• D7. Three and a Half Sides

    Three and a Half Sides

    Prof. Jim Propp of the University of Massachusetts Lowell has been corresponding with the Prisoner’s Dilemma about planar cross sections of three-dimensional solids. For example, suppose you have a regular tetrahedron (a triangular pyramid on an equilateral triangle base with the proper height so that all of the faces are equilateral triangles). If you pass…

    Posted: 2022 Sep 14
  • D6. Rectangle Pinwheel

    Rectangle Pinwheel

    The outermost polygon shown in figure 2 as the region shaded in pink consists of 16 congruent rectangles placed so that their edges align (and vertices of four of the rectangles coincide at the center of the polygon). We call this polygon a 28-gon because it has 28 edges: the line segments that make up…

    Posted: 2022 May 26
  • D5. Triple Fever

    Triple Fever

    Caught up in the excitement of the Derby and the Preakness, a buddy of yours heads to the track, and discovers that today is the running of the Medium-Rare Stakes. Only three horses have been entered: Tee Bone, New York Strip, and Rib Eye. Your buddy then notices the posted odds: Tee Bone is paying…

    Posted: 2022 May 23
  • D4. Four Operations Revisited

    Four Operations Revisited

    One of the great things about mathematics is that it’s always possible to look again at familiar things and discover something new. Sometimes this can happen when you combine well-known things in a new way. For example, you’re probably familiar with the four basic operations of addition, subtraction, multiplication, and division. And you may have…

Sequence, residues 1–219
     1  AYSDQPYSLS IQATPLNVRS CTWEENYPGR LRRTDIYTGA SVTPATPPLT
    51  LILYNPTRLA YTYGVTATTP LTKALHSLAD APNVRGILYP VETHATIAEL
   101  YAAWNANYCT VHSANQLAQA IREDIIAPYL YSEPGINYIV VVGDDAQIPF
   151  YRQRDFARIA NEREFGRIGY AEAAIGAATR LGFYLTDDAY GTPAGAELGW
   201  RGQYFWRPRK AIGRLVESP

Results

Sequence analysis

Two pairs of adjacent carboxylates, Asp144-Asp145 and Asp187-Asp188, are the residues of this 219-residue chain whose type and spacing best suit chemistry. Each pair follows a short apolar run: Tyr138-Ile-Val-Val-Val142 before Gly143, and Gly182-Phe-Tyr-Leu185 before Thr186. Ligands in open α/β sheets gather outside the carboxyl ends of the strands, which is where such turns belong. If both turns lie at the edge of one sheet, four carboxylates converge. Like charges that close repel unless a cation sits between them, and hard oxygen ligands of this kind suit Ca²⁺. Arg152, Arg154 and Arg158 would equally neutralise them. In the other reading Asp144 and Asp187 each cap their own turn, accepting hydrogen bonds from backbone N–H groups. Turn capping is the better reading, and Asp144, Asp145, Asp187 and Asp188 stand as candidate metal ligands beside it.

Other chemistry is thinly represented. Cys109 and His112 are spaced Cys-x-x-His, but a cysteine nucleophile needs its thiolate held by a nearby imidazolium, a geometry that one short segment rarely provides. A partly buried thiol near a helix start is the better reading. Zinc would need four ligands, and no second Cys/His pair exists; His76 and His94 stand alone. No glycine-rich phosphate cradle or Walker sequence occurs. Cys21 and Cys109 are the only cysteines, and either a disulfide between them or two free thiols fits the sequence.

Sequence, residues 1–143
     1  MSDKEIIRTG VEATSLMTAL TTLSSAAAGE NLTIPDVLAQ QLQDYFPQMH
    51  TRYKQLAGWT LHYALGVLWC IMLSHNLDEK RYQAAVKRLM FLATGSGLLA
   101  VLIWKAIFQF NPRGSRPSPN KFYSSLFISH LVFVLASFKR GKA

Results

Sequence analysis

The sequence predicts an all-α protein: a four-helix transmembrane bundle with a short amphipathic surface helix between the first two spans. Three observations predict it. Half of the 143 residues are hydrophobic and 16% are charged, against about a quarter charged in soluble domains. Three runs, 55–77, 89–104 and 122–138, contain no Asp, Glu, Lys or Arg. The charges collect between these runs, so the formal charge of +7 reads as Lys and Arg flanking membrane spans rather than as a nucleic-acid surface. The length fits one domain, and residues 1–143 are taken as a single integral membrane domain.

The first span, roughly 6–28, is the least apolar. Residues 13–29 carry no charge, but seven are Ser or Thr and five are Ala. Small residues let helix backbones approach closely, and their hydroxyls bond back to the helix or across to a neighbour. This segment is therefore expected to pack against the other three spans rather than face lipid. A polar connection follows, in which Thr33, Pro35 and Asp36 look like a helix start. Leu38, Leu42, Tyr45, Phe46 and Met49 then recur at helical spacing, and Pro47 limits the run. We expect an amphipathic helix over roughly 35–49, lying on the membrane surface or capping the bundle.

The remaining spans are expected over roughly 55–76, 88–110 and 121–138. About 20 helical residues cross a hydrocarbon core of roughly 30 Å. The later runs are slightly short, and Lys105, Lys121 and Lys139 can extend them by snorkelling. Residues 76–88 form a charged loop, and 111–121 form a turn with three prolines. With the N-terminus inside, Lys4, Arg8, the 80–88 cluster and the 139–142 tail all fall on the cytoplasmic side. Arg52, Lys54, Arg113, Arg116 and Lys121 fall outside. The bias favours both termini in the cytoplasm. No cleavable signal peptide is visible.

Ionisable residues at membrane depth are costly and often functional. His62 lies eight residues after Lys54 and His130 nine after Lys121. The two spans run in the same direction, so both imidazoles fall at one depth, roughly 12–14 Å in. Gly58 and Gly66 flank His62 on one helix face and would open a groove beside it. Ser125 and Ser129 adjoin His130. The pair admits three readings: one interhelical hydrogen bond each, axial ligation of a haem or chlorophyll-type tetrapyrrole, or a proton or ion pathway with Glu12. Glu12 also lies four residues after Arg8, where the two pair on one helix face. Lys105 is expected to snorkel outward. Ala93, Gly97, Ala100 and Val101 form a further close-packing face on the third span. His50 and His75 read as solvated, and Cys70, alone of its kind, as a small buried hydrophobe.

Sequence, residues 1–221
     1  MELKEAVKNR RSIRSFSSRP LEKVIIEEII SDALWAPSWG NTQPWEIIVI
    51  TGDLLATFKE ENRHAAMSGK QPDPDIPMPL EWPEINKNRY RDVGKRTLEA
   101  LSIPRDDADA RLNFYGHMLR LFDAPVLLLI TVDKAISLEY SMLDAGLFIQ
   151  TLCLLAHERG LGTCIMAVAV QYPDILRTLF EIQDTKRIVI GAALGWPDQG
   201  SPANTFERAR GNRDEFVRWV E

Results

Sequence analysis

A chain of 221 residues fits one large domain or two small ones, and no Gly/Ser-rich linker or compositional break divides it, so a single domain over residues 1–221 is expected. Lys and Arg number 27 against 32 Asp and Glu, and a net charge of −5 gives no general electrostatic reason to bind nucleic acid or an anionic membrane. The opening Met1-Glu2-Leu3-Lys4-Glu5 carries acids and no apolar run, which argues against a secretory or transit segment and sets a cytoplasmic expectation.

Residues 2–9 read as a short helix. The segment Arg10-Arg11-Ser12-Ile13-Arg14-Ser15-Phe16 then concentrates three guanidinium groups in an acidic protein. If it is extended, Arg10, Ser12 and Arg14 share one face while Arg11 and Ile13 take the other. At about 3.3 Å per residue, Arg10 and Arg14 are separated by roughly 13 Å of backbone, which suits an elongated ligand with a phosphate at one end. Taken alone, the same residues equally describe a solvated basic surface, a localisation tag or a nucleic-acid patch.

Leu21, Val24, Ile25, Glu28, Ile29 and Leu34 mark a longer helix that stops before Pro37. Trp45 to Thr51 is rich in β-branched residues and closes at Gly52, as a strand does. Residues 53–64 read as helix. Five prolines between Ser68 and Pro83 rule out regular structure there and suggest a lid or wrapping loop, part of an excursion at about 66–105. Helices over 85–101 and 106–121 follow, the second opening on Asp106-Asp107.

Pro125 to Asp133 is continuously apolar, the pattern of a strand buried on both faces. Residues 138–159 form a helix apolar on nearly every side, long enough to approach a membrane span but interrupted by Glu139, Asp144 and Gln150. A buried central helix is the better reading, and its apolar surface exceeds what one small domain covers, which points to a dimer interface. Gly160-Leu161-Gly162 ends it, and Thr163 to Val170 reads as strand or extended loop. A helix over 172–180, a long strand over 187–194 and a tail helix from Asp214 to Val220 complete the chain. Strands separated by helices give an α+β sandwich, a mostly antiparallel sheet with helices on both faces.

Posted: 2022 Jan 30
  • D3. Zero Sum Game

    Zero Sum Game

    Is it possible to number the edges of a cube using each of the numbers -6, -5, -4, -3, -2, -1, 1, 2, 3, 4, 5, and 6 once, so that for every vertex, the sum of the numbers on the edges that meet there is zero? (See figure 1 for a diagram of the…

    Posted: 2022 Jan 29
  • D2. Find Yourselves

    Find Yourselves

    In this classic dilemma, the director of a prison offers 100 people slated to be locked up one last chance at freedom. The individuals have been assigned different numbers from 1 to 100, and the director sets up a room containing 100 boxes. Each number from 1 to 100 has been put on a slip…

    Posted: 2022 Jan 28
  • D1. Continuing Irrationality

    Continuing Irrationality

    One interesting thing about continued fractions is that every infinite continued fraction represents an irrational number. But in our first dilemma, we ask what happens when you have an infinite sequence of finite continued fractions with more and more terms. Recall that the binomial coefficient ( a b ) has the formula a ! b…

    Posted: 2022 Jan 27

Archives: Dilemmas